Why do discounts backfire when you make consumers wait?

Oct 15, 2013

Consumers like to reap the benefits of discounts immediately (not later), according to a new study in the Journal of Consumer Research. Consumers enjoy discounted products much less if they have to wait for them.

"Price promotions are common in the marketplace. For , these promotions translate into real economic savings, guide buying decisions, encourage trial of new , and make consumers feel smart and good about themselves," write authors Leonard Lee (Columbia University) and Claire I. Tsai (University of Toronto). But sometimes backfire, especially if consumers need to wait to enjoy the product.

The authors examined how discounts influence pleasure-related consumption experiences. They found that discounts generally make consumers happier. But they also found that paying a lower price for a product reduces the need to justify the expenditure, which causes people to pay less attention during consumption, dampening enjoyment. The relative strength of these opposing forces depends on when the product is consumed after payment—right away or after a delay.

The authors conducted four experiments involving real spending and consumption, using a variety of products (chocolates, music, orange juice) and different durations of delay. In one of the experiments, participants purchased one of two types of chocolate truffles at either the regular price of $1 or a discount of 50 cents. Half of the participants consumed the chocolate right away, and the other half waited for a week before consuming the chocolate. Consumers enjoyed the chocolate less when they had to wait a week.

"Our research provides new insight for better understanding the mixed effects of discounts on sales and loyalty, offering an explanation for why discounts may increase sales in the short run, but could have negative long-term effects on customer satisfaction and brand loyalty," the authors conclude.

Explore further: When do consumers think a freebie is more valuable than a discounted product?

More information: Leonard Lee and Claire I. Tsai. "How Price Promotions Influence Postpurchase Consumption Experience over Time." Journal of Consumer Research: February 2014.

add to favorites email to friend print save as pdf

Related Stories

Is the iPad Creative? It depends on who's buying it

Mar 05, 2013

Encouraging consumers to feel ownership of products they haven't yet purchased can backfire because consumers tend to see themselves in the products they own, according to a new study in the Journal of Consumer Research.

Recommended for you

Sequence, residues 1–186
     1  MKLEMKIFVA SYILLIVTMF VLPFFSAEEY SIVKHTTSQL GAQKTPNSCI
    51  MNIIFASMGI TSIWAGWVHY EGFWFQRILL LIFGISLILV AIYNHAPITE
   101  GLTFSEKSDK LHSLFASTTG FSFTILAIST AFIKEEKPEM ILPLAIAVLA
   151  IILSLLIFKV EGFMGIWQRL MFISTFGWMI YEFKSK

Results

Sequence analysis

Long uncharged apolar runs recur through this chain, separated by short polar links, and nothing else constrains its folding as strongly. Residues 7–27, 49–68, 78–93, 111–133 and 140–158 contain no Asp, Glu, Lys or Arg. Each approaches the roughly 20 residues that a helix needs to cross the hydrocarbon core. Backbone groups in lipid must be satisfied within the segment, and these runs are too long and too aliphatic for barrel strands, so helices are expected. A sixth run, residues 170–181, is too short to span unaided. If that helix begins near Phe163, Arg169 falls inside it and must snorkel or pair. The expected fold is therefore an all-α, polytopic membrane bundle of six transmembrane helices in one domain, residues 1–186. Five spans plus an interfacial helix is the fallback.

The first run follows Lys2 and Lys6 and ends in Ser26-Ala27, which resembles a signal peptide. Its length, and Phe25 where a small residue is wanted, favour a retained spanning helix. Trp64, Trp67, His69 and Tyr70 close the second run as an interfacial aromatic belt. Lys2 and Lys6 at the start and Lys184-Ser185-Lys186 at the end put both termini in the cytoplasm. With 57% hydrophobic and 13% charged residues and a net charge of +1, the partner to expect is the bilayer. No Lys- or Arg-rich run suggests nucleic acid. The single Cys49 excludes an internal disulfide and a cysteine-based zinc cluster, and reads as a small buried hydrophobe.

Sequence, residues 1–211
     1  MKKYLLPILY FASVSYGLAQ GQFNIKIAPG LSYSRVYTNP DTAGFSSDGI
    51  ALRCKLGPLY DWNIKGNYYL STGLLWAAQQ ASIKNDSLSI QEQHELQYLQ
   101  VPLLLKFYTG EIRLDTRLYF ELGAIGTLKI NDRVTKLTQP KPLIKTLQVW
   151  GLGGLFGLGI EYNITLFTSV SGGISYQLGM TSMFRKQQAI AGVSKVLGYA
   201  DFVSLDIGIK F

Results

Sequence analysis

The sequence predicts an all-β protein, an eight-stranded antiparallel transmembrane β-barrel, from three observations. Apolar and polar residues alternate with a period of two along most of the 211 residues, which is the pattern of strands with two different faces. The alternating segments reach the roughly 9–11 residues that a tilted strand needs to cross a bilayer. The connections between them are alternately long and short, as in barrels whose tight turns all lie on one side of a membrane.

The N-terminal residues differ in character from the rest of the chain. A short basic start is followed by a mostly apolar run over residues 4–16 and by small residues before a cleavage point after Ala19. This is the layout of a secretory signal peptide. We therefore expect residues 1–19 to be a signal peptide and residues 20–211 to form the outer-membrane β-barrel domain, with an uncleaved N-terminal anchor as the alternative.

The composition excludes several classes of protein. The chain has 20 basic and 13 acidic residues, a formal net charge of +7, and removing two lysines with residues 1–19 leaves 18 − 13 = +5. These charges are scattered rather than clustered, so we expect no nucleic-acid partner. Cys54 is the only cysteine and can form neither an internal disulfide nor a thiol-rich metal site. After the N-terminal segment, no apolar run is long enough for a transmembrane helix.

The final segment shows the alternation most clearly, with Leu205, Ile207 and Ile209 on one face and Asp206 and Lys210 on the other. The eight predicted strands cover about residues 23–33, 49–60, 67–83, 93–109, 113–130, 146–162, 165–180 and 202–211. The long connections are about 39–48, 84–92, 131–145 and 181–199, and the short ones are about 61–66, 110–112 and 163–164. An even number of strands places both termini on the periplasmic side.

Study finds law dramatically curbing need for speed

21 hours ago

Almost seven years have passed since Ontario's street-racing legislation hit the books and, according to one Western researcher, it has succeeded in putting the brakes on the number of convictions and, more importantly, injuries ...

Newlyweds, be careful what you wish for

Apr 17, 2014

A statistical analysis of the gift "fulfillments" at several hundred online wedding gift registries suggests that wedding guests are caught between a rock and a hard place when it comes to buying an appropriate gift for the ...

Can new understanding avert tragedy?

Apr 17, 2014

As a boy growing up in Syracuse, NY, Sol Hsiang ran an experiment for a school project testing whether plants grow better sprinkled with water vs orange juice. Today, 20 years later, he applies complex statistical ...

Creative activities outside work can improve job performance

Apr 16, 2014

Employees who pursue creative activities outside of work may find that these activities boost their performance on the job, according to a new study by San Francisco State University organizational psychologist Kevin Eschleman ...

User comments : 0

More news stories

Study finds law dramatically curbing need for speed

Almost seven years have passed since Ontario's street-racing legislation hit the books and, according to one Western researcher, it has succeeded in putting the brakes on the number of convictions and, more importantly, injuries ...

Health care site flagged in Heartbleed review

People with accounts on the enrollment website for President Barack Obama's signature health care law are being told to change their passwords following an administration-wide review of the government's vulnerability to the ...

Airbnb rental site raises $450 mn

Online lodging listings website Airbnb inked a $450 million funding deal with investors led by TPG, a source close to the matter said Friday.